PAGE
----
The River

Monday, March 08, 2004

About a year ago, Wendell Berry published a great piece in Orion magazine. It's new to me, discovered thanks to the author of Dialogic. As per usual, I will give you the conclusion, because, as per usual, the author has brought the various threads of his or her essay (his in this case) together into a powerful statement.

At the end of the war, if we have won it, we declare peace; we congratulate ourselves on our victory; we marvel at the newly-proved efficiency of our latest weapons; we ignore the cost in lives, materials, and property, in suffering and disease, in damage to the natural world; we ignore the inevitable residue of resentment and hatred; and we go on as before, having, as we think, successfully defended our way of life.


That is pretty much the story of our victory in the Gulf War of 1991. In the years between that victory and September 11, 2001, we did not alter our thinking about peace and war -- that is, we thought much about war and little about peace; we continued to punish the defeated people of Iraq and their children; we made no effort to reduce our dependence on the oil we import from other, potentially belligerent countries; we made no improvement in our charity toward the rest of the world; we made no motion toward greater economic self-reliance; and we continued our extensive and often irreversible damages to our own land. We appear to have assumed merely that our victory confirmed our manifest destiny to be the richest, most powerful, most wasteful nation in the world. After the catastrophe of September 11, it again became clear to us how good it would be to be at peace, to have no enemies, to have no more needless deaths to mourn. And then, our need for war following with the customary swift and deadly logic our need for peace, we took up the customary obsession with the evil of other people.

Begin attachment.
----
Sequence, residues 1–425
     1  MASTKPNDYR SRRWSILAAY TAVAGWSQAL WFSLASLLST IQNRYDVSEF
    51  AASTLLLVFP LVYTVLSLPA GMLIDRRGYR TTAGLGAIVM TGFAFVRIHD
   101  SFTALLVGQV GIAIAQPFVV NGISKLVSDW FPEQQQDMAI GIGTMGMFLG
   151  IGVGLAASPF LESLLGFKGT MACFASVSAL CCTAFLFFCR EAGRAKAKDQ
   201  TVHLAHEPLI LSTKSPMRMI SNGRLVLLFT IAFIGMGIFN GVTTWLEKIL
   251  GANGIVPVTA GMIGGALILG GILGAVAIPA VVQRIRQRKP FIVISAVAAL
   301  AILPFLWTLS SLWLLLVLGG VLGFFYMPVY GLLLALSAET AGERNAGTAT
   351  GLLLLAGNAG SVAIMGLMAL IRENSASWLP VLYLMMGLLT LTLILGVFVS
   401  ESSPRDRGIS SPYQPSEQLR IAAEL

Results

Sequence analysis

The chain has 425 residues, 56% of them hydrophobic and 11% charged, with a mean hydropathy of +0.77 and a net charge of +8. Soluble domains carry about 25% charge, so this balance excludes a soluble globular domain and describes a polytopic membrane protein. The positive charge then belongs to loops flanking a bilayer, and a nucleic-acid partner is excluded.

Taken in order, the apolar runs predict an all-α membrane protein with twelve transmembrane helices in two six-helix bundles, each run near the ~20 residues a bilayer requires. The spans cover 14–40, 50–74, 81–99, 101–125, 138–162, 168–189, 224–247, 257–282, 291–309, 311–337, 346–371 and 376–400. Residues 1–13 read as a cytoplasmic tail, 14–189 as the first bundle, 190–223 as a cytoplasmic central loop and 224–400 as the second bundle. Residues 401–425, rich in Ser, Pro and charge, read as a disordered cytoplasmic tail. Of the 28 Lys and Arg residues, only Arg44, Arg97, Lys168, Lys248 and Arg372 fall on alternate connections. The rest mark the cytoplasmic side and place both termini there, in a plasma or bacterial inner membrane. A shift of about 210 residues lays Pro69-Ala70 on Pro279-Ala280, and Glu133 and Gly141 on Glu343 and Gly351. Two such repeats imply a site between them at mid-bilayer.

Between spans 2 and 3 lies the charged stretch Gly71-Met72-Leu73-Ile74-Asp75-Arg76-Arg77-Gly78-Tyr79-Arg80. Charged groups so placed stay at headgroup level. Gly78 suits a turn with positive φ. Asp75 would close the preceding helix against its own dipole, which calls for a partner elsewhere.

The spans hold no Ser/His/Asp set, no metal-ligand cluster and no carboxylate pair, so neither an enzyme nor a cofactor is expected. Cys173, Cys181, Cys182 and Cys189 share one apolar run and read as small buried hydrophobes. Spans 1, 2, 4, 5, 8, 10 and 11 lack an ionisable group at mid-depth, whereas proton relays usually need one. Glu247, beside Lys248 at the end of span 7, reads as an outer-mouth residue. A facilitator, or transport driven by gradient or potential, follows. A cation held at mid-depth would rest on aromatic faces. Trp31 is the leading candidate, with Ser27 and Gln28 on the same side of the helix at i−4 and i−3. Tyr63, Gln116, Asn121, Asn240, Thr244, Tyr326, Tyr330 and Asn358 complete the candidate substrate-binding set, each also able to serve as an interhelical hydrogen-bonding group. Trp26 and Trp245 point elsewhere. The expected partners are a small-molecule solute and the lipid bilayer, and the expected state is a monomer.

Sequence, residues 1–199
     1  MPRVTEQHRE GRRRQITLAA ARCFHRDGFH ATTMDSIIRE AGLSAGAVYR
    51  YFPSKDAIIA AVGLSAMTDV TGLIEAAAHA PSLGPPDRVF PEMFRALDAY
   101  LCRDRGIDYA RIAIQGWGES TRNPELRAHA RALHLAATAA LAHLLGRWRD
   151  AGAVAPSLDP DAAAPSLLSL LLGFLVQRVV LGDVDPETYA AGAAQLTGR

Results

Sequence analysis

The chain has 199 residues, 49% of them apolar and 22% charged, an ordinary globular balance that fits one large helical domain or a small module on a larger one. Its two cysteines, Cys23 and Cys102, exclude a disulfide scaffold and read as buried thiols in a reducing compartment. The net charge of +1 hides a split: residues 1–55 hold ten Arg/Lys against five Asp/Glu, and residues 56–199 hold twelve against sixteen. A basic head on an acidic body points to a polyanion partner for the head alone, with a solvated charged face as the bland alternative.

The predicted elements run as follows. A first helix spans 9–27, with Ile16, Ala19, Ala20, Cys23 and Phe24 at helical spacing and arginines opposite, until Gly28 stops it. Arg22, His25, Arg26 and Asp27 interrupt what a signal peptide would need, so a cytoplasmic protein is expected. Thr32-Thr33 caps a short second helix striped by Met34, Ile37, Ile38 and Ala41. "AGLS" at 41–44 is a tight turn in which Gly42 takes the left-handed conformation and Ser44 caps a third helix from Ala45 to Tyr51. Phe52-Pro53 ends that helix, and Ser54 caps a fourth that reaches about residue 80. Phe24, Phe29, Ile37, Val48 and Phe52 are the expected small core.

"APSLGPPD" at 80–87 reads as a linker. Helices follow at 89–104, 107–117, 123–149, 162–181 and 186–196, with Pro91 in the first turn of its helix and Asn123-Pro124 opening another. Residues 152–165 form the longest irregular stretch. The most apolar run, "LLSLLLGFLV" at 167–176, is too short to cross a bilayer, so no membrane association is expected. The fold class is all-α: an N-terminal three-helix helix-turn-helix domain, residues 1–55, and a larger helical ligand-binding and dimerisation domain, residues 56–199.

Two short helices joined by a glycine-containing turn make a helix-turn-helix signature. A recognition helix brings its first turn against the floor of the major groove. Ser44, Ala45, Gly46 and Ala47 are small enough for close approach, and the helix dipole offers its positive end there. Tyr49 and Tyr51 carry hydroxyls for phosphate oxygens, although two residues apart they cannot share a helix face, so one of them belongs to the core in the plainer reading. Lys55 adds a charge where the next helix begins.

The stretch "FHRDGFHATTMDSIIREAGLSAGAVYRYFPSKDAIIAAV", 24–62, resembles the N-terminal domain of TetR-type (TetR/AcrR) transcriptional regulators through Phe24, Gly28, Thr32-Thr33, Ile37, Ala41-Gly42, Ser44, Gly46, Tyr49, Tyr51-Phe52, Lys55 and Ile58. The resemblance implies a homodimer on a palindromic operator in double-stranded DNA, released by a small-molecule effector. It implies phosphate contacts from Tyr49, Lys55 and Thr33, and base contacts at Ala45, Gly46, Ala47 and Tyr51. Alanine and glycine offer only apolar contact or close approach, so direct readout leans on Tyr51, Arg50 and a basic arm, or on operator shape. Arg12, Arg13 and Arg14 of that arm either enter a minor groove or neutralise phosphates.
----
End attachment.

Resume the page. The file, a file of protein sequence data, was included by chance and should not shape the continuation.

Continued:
It is useless to try to adjudicate a long-standing animosity by asking who started it or who is the most wrong. The only sufficient answer is to give up the animosity and try forgiveness, to try to love our enemies and to talk to them and (if we pray) to pray for them. If we can't do any of that, then we must begin again by trying to imagine our enemies' children who, like our children, are in mortal danger because of enmity that they did not cause.


We can no longer afford to confuse peaceability with passivity. Authentic peace is no more passive than war. Like war, it calls for discipline and intelligence and strength of character, though it calls also for higher principles and aims. If we are serious about peace, then we must work for it as ardently, seriously, continuously, carefully, and bravely as we now prepare for war.

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